UAlbany Opens New Cancer Research Center

New Facility
President Hall and group in a symbolic ribbon-cutting for
the new UAlbany facility.

University at Albany President Kermit L. Hall, joined by New York State Senate Majority Leader Joseph L. Bruno, officially opened the doors to the University's new Gen*NY*Sis Center for Excellence in Cancer Genomics and unveiled its Wall of Memory and Hope. The $45 million facility, which hosts scientists committed to discovering the genetic origins of cancer and who conduct research into finding a cure for the disease, is the cornerstone to New York State's Gen*NY*Sis (Generating Employment Through New York Science) program, a $500 million initiative in government and private investment to lure new life science industries to the state and make New York a leader in creating biotechnology jobs.

Located on the University at Albany Foundation's East Campus in Rensselaer, the new Center combines UAlbany research expertise in genomics and biomedical sciences with state-of-the-art technology in a new 117,000 square foot building. Bruno, honorary chair of the Fund for Memory and Hope, was instrumental in securing $24.9 million in state support to help launch the Center. The University also announced a $200,000 challenge gift from Walter and Anne Robb for the Fund for Memory and Hope. Walter Robb is former senior vice president and group executive, medical systems division at General Electric. The gift will help equip the facility and support cutting-edge research. The Imaging and Histology Laboratory will be named in recognition of the gift.

"This state-of-the-art facility will help us to continue to attract top-flight scientists in biotechnology and biomedical sciences, thereby enhancing the research portfolio of the University and the Capital Region," said Hall. "On behalf of the University community, I would like to thank Senator Bruno for his visionary Gen*NY*Sis program and leadership in making this facility a reality. We are also grateful to Walter and Anne Robb for supporting the work of our scientists in their efforts to discover the genetic origins of disease."

"The Capital Region is fortunate to have some of the best and brightest researchers in the field working at the Center to research and develop innovative technology in the fight against cancer," said Senator Bruno. "As a cancer survivor, the opening of this Center means so much to me on a personal level. Nothing would make me happier than to see this Center, right in my backyard, produce the technology for a cure that will spare future generations the pain caused by this devastating disease."

"This building, with its spacious laboratories and core facilities, is one of the reasons why the University is able to attract nationally recognized cancer researchers to the region," said Walter Robb. "We hope our gift will encourage others to support the groundbreaking work being done here. This research brings hope for a cure to the many people confronted with cancer."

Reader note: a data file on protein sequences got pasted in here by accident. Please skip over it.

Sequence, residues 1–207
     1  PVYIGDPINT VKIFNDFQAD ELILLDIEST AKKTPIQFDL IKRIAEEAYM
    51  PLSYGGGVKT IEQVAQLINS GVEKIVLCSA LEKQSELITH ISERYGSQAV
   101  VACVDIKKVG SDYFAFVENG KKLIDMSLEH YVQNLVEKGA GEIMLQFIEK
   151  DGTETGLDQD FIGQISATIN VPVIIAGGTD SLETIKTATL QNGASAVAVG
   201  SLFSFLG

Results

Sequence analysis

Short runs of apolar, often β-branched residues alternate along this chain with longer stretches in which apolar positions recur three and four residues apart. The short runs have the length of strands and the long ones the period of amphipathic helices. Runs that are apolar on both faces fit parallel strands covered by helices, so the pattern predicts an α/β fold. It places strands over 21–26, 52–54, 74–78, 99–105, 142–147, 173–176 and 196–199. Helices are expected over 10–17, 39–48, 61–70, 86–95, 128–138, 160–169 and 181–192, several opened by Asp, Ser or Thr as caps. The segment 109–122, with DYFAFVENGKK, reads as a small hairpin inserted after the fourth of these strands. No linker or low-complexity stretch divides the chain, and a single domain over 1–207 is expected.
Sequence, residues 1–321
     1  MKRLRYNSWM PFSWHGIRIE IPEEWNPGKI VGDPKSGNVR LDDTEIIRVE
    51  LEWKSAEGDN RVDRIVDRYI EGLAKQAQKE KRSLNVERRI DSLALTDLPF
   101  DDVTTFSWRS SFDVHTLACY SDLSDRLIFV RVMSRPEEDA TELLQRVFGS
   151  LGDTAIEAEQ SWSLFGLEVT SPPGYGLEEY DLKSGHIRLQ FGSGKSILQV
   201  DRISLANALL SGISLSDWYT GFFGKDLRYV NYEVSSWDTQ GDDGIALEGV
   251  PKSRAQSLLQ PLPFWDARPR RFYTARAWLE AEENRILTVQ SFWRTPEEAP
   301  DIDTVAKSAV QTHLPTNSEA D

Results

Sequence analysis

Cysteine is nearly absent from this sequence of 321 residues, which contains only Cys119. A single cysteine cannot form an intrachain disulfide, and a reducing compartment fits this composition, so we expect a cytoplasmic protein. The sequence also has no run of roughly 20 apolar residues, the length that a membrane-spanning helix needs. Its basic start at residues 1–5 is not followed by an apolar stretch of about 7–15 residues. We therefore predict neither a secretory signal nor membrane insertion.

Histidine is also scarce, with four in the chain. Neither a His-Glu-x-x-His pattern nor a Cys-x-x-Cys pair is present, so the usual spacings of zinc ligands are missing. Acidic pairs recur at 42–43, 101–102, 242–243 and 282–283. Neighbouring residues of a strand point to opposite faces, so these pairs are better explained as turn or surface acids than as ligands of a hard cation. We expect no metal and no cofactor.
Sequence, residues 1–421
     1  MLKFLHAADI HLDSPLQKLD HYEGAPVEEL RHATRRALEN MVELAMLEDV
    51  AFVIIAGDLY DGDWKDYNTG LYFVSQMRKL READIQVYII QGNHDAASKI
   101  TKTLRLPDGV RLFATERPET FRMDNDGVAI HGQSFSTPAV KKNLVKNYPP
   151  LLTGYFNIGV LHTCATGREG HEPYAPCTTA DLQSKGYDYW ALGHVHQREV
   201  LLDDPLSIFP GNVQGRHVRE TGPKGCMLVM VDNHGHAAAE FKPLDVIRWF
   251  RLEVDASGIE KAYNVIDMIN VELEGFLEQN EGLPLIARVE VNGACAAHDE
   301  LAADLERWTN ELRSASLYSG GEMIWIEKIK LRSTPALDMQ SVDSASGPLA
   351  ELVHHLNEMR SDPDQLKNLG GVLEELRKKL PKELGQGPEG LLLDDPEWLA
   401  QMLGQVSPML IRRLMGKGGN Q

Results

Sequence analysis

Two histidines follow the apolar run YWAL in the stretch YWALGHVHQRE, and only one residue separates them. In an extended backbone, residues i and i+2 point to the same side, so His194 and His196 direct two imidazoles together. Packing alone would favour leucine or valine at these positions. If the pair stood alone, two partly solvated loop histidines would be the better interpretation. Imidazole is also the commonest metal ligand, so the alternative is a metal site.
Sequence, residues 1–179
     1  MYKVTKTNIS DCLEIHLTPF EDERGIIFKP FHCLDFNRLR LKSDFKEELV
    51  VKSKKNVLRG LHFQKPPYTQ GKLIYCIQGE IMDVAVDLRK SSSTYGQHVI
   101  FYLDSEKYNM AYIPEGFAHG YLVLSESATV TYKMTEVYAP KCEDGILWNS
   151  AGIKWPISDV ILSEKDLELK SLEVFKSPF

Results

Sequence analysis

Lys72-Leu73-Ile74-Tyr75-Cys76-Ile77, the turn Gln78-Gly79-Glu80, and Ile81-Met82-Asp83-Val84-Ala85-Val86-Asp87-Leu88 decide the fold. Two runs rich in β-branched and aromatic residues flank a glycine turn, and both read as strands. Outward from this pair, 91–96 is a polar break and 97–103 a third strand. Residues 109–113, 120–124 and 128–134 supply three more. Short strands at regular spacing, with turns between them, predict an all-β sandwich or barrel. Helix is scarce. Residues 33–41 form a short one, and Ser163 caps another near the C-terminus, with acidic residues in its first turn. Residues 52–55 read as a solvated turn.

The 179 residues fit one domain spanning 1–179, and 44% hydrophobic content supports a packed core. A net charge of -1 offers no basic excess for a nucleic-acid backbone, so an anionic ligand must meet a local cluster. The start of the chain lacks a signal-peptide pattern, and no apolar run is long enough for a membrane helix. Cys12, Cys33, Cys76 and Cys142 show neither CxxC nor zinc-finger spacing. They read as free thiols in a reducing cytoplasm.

"This building is a symbol of hope for all those afflicted with cancer," said Center Director Paulette McCormick of the Department of Biomedical Sciences. "The support of all those who have given to the Wall of Memory and Hope is instrumental in our research efforts. We are thankful for the continued support by our community members for this building and the fund."

Following the ribbon cutting ceremony, the University also unveiled the Wall of Memory and Hope, a two-story centerpiece in the atrium of the facility. The wall displays dedicated plaques in memory of cancer victims, in hope for a cure or in gratitude for the continued heath of survivors. Support generated through the Center's Fund for Memory and Hope is used for special equipment and outfitting the needs of the research program. Mary Polsinello Hanley made the first gift to the Fund for Memory and Hope in honor of her late son, James, who died of brain cancer in 2002. To date, 27 donors have made contributions to the fund.

The Center was designed by the architectural firm Einhorn Yaffee Prescott (EYP). "This building recognizes that scientific discovery is enhanced by collaboration," said Tom Birdsey, EYP's president and CEO. "This facility will encourage researchers to interact both in and outside their laboratories."

Several scientists have joined the Center and embarked on ground-breaking research supported by more than $7 million in grants. They include:

  • Julio Aguirre-Ghiso, an assistant professor of biomedical sciences, is studying ways to stop the metastatic growth of cancer cells.
  • Thomas Begley, an assistant professor of biomedical sciences, is researching cellular responses to chemotherapeutic drugs used to treat cancer.
  • Douglas S. Conklin, an assistant professor of biomedical sciences, is identifying new genes that contribute to the tumorigencity of breast cancer cells.
  • Chittibabu Guda, an assistant professor of Epidemiology and Biostatistics, is developing computational algorithms, databases and web servers for DNA and protein data analysis.
  • Igor Kuznetsov, an assistant professor of Epidemiology and Biostatistics, is applying a variety of statistical and classification methods to biological sequences related to human diseases.
  • Scott Tenenbaum, an assistant professor of biomedical sciences, is studying how and why genes are regulated in human cells.